Negative Punishment

It’s hard to get past the idea that something bad has to be done before we can reward for being good.

We run into that problem with horses all the time. We think a horse needs to pull back before we can teach them to give to pressure. We think a horse has to spook before we can teach them things aren’t scary. We think a horse needs to say no before we can teach them to say yes.

It is easily over looked that we should be rewarding our horses for doing good without waiting for that spook or pull first. Think of all the trouble we could avoid if we didn’t wait for the bad but looked harder for the good that was offered willingly?

The school my children go to is trying very hard to use positive reinforcement with the children. Finding a reward that is motivating is much harder for teenagers than it is for horses. Finding a high enough value reward is only part of the problem they are facing though.

That idea that bad has to be done before we reward good is so deeply ingrained in all people, not just horse people.

Lots of children are well rewarded for lots of things. Children who are having trouble reading are rewarded for any improvement. Children who can’t sit still are rewarded for stillness. It works nicely in many areas. Children who don’t get work done are rewarded for turning in assignments.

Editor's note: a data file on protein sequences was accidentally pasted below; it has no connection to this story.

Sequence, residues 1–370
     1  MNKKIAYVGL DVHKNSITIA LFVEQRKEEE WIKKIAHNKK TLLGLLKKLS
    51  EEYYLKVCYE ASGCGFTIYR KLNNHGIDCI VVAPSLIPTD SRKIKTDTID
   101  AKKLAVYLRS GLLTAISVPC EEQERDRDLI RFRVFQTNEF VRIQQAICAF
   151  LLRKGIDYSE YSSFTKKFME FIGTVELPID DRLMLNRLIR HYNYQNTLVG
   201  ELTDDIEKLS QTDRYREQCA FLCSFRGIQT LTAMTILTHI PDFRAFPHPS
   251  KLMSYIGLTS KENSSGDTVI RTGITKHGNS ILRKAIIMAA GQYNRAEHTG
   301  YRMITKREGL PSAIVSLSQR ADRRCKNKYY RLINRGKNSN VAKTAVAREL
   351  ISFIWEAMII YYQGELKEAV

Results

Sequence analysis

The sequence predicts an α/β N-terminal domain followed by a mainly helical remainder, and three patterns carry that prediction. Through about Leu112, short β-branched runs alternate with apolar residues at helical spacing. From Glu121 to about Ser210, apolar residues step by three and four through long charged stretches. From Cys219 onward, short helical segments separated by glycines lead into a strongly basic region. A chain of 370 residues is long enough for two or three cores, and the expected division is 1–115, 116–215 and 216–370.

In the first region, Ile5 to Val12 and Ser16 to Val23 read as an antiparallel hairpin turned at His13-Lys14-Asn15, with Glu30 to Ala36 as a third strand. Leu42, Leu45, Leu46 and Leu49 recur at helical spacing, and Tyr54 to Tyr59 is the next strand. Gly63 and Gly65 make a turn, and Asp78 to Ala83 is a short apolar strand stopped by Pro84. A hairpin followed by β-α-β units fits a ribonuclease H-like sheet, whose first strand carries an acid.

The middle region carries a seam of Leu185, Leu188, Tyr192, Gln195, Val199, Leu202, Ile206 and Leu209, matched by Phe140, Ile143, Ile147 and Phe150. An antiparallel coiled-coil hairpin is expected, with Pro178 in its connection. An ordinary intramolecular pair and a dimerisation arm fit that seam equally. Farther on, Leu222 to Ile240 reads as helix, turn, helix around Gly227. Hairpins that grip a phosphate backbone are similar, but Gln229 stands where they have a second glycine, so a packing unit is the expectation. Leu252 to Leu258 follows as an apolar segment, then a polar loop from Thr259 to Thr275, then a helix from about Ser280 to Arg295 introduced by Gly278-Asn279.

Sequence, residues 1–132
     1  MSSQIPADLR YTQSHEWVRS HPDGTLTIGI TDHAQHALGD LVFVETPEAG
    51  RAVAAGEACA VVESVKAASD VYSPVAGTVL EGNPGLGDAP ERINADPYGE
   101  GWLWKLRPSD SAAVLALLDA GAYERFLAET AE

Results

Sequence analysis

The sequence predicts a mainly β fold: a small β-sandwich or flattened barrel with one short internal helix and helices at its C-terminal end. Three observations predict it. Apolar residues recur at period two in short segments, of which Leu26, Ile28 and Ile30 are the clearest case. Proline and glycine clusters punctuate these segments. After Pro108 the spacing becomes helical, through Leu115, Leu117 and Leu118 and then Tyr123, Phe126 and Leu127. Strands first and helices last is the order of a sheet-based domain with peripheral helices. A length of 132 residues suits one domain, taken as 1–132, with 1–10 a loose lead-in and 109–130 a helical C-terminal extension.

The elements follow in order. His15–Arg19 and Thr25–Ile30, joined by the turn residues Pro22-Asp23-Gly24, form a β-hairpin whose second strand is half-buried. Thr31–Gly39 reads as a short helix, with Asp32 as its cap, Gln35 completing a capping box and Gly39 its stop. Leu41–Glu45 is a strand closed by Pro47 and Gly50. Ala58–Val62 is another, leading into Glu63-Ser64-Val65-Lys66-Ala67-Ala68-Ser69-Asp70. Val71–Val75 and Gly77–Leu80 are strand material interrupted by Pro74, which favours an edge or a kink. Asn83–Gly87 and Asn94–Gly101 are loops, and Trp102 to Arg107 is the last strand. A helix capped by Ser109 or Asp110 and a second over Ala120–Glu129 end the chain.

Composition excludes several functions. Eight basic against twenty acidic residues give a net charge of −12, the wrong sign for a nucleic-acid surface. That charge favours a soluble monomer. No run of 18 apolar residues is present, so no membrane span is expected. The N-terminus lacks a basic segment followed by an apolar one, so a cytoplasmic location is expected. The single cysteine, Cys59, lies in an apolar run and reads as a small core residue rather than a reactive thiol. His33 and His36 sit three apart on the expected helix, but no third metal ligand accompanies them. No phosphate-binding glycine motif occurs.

The children who read well, sit still, do their work, try hard all the time, seldom get rewarded. They watch the children who seldom perform the behaviors being asked of them receiving a high rate of reinforcement and wonder why they are trying? Should the reward for doing good be intrinsic? Yes, in large part it should. Convincing an elementary students of that as they watch another child get treats and trinkets is a little more difficult.

Do the other children need a higher rate of reinforcement? Yes. They most likely do.

Does that mean that children who are performing the desired behaviors don’t need rewarded? No. It most certainly doesn’t.

When we withhold a reward we are performing positive punishment. When these children are watching another child receive something while they get nothing for the same behavior that is strong negative punishment.

Don’t think they don’t notice. Comments are made all the time. As the children get older the negative punishment achieves exactly what it would be expected to. Many children stop trying. They get bitter about the rewards. We have conditioned them to negative associations with the rewards and the work the rewards are supposed to be rewarding.

What if instead we looked for the good that was willingly being offered?

There are no easy answers. Horses are so much easier to train than children. The try should always be rewarded though. If we punish the try we soon loose the greatest power a child, or horse, possesses.


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